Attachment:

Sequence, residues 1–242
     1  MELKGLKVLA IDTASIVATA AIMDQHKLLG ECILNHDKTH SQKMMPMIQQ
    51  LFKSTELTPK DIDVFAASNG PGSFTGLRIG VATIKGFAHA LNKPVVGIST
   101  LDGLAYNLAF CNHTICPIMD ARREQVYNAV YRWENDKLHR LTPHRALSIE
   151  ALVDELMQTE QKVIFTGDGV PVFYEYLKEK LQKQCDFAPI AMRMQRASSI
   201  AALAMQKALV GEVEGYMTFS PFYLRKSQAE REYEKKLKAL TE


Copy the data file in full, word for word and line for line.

Sequence, residues 1–242
     1  MELKGLKVLA IDTASIVATA AIMDQHKLLG ECILNHDKTH SQKMMPMIQQ
    51  LFKSTELTPK DIDVFAASNG PGSFTGLRIG VATIKGFAHA LNKPVVGIST
   101  LDGLAYNLAF CNHTICPIMD ARREQVYNAV YRWENDKLHR LTPHRALSIE
   151  ALVDELMQTE QKVIFTGDGV PVFYEYLKEK LQKQCDFAPI AMRMQRASSI
   201  AALAMQKALV GEVEGYMTFS PFYLRKSQAE REYEKKLKAL TE